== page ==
[Pictured, L-R: The Amity Affliction, Black Veil Brides, Bring Me The Horizon, Senses Fail, I Prevail, Whitechapel; photos by: Tom Barnes, Jonathan Weiner, Ashley Osborn, Tyler Ross, Jeff Forney, Alex Morgan]

We can’t predict the future, but we can assure you that 2018 will bring plenty of awesome new music. We talked to some of your favorite artists, from Andy Biersack to Buddy Nielsen, who are in various stages of the recording process, to get the scoop on what’s to come next year.

Be sure to check back later in the week for our most anticipated alternative albums.

Read more: The 22 best music videos of 2017, chosen by the AP staff

AVATAR / Avatar Country


[Photo by: Johan Carlen]

EXPECT IT: Jan. 12, 2018

LABEL: eOne Music/Century Media

WE SPOKE TO: Johannes Michael Gustaf Eckerström (vocals)

WHAT’S DIFFERENT: We have, as a country, decided to finally open up our borders to Avatar Country and reveal the truth behind the band, our existence and our king. Therefore, this is the story, and a way of telling the story, that's never been done before.

BIGGEST CHALLENGE: I would say that, compared to earlier releases, this was an even easier album to make. Since we're telling the story of our king and our country, all we had to do was to tell the truth and the vision was extremely clear from the very beginning. So, we used less time in the studio than ever before and still performed better than ever before. We really found true and great inspiration from our king.

IS IT MORE FEATHERS & FLESH OR HAIL THE APOCALYPSE? I think it's both and neither. Avatar as a group, and Avatar Country as a nation always strive to move forward, find new challenges and new angles on what we are creating, meaning there are never any real kickbacks to anything done in the past. The king looks forward, not backward. —Stevie James


Black Veil Brides 2017

[Photo by: Jonathan Weiner]

EXPECT IT: Jan. 12, 2018

LABEL: Republic

WE SPOKE TO: Andy Biersack (vocalist)

BIGGEST CHALLENGE: I don’t know [if] there was a challenge other than time. Trying to stay as focused on it when I was 19, when everything was kind of chaotic. Feldy [producer John Feldmann] was working the Blink-182 record; we were moving studios; I was touring behind Andy Black; Ashley [Purdy, bassist] no longer lives in L.A. and had moved by that point. We ended up building the record together, but in separate places. There wasn’t a big headache—we all knew what we wanted to do.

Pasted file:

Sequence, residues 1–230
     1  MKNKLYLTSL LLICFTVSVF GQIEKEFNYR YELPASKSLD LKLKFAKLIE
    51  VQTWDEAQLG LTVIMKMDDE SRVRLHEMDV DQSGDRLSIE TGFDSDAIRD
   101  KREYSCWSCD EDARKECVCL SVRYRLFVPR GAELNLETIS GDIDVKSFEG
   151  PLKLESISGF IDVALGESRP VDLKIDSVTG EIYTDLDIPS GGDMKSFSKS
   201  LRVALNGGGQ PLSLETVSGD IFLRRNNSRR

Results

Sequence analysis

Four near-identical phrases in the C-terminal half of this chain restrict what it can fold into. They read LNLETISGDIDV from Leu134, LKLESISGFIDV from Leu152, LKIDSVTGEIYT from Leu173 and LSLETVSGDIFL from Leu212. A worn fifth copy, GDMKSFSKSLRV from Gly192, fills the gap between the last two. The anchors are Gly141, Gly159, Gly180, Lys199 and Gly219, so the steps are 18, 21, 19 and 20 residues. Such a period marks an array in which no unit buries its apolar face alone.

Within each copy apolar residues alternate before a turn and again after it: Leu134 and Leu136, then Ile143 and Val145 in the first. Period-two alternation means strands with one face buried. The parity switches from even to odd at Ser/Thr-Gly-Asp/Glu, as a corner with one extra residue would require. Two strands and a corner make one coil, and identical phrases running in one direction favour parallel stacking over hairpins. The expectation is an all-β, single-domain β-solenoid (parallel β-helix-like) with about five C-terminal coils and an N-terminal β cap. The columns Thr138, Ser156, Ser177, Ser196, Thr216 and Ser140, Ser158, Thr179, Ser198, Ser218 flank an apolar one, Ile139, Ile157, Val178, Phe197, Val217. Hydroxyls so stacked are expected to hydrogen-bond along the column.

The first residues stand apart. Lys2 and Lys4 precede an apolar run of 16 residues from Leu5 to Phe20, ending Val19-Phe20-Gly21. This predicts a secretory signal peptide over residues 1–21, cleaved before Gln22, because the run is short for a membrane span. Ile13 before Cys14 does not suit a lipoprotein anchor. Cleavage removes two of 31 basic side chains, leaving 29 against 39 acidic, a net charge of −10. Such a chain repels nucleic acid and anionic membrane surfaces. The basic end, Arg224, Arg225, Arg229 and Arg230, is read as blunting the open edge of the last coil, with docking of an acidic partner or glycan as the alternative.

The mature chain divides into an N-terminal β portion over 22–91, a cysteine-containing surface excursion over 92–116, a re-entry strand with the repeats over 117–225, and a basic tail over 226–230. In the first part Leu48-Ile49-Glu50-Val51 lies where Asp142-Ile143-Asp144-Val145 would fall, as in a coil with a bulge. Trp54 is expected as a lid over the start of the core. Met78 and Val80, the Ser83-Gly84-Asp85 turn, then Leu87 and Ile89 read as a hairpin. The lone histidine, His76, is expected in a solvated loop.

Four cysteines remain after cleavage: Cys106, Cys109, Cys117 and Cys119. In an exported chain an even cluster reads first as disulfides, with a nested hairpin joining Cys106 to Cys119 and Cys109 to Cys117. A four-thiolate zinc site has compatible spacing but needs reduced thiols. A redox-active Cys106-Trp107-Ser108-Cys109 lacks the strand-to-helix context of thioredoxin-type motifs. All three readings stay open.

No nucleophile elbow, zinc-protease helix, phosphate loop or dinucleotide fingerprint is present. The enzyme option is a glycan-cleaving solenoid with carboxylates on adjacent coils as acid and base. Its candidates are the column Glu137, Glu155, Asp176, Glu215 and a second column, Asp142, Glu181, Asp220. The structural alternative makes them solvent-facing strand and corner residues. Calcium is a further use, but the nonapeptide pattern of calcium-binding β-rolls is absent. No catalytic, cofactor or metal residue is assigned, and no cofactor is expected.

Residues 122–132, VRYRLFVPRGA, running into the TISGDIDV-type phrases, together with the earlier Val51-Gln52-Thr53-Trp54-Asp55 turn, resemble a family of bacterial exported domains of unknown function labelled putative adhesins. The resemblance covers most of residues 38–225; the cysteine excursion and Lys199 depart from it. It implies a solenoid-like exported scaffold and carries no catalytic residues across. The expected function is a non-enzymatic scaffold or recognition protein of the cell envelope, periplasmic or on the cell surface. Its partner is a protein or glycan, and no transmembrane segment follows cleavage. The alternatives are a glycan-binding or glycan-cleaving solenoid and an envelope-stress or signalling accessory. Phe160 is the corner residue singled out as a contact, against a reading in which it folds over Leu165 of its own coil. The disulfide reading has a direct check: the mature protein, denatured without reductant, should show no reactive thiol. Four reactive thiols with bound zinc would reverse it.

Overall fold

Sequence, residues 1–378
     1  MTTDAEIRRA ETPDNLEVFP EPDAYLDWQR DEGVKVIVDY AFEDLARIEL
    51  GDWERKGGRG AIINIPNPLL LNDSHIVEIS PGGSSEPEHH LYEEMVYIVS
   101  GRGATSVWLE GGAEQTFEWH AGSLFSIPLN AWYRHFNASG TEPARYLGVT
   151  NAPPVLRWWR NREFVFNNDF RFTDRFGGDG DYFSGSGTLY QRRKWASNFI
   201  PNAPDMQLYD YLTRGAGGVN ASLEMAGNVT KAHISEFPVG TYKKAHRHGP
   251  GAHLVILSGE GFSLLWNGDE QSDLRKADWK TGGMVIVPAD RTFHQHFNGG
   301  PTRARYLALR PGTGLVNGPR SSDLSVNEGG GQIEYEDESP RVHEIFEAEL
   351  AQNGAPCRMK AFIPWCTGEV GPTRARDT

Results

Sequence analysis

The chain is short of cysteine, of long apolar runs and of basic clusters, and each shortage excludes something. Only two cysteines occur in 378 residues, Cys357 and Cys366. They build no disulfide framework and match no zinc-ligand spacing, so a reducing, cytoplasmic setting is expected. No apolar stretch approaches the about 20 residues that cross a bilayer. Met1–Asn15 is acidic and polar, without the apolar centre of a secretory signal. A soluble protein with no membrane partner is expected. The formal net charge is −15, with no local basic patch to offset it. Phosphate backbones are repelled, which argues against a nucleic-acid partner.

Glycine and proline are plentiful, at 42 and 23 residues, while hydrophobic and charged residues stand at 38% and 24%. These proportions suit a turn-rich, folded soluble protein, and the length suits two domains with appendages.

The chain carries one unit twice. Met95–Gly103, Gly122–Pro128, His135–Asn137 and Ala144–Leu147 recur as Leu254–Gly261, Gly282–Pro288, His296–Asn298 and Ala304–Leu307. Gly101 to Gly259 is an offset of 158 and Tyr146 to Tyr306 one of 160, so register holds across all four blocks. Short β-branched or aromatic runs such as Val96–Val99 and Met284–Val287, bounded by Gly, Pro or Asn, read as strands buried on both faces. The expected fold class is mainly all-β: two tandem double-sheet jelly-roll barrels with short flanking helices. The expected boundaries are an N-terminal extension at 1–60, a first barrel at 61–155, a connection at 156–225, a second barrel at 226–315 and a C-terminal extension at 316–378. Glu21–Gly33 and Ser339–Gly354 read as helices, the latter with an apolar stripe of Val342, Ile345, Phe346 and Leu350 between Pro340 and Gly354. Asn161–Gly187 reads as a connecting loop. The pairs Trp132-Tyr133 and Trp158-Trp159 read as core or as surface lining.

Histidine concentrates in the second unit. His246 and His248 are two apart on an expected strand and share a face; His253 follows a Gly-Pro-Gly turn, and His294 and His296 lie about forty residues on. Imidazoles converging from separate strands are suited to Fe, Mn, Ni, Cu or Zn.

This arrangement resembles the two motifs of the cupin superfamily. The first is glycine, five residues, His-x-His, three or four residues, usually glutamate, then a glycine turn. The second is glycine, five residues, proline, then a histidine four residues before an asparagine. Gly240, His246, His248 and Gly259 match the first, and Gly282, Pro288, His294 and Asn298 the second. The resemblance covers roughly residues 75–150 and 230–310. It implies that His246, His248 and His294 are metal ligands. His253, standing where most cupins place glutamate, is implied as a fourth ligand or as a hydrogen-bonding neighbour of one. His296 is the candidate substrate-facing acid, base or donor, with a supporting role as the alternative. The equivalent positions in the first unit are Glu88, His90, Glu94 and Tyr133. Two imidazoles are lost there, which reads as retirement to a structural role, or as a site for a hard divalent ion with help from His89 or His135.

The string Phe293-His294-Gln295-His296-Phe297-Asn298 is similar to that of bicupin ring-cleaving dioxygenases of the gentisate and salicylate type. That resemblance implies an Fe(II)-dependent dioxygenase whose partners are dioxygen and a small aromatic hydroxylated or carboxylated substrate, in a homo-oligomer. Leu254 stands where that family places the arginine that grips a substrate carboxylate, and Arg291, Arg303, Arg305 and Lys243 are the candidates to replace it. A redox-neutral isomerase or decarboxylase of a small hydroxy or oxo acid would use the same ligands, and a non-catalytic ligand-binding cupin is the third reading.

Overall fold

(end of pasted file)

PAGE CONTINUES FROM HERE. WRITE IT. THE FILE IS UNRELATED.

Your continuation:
IS IT MORE WRETCHED AND DIVINE OR THE SELF-TITLED ALBUM? The other day, a song called “When They Call My Name” came out. It’s about my anxiety and how my wife, my family and my friends become that rock that support me. Tone-wise, that song is more in line with Wretched And Divine, but lyrically it’s darker and fits more in line with the fourth record. In this day and age that we live in, I don’t give a shit that people don’t listen to the whole album. I put just as much effort into the track listing and making sure the album looks good in order to create a really great package for somebody. That’s not people’s fault, that’s just the circumstances we’re in. There’s no reason for a young kid that’s just starting to listen to music right now [to own it physically] the singles are available to them in a way that they never were before. I wanted this record to be detail-oriented, and I think our fans in particular are very interested in the stories and the details that make up this record. I don’t think there was that much storytelling and fun in the last record, so I hope the fans appreciate that element on this one. —Jason Pettigrew


Bring Me The Horizon 2017

[Photo by: Ashley Osborn]

Bring Me The Horizon’s 2015 record, That’s The Spirit, changed their career entirely. By leaving their deathcore and metalcore roots behind for a more pop-oriented rock album, they reached stardom and a new fanbase to match. However, some longtime fans who began listening to BMTH back in 2006 when they released their first record, Count Your Blessings, were not happy about the genre change. But the band’s highly anticipated 2018 full-length just might unite new fans and old. Several months ago, keyboardist Jordan Fish told Daniel P Carter’s BBC Radio 1 Rock Show that the next release would not be pure pop. Instead, the band intend to blend aspects of metalcore and pop for a more fulfilling balance. —Taylor Markarian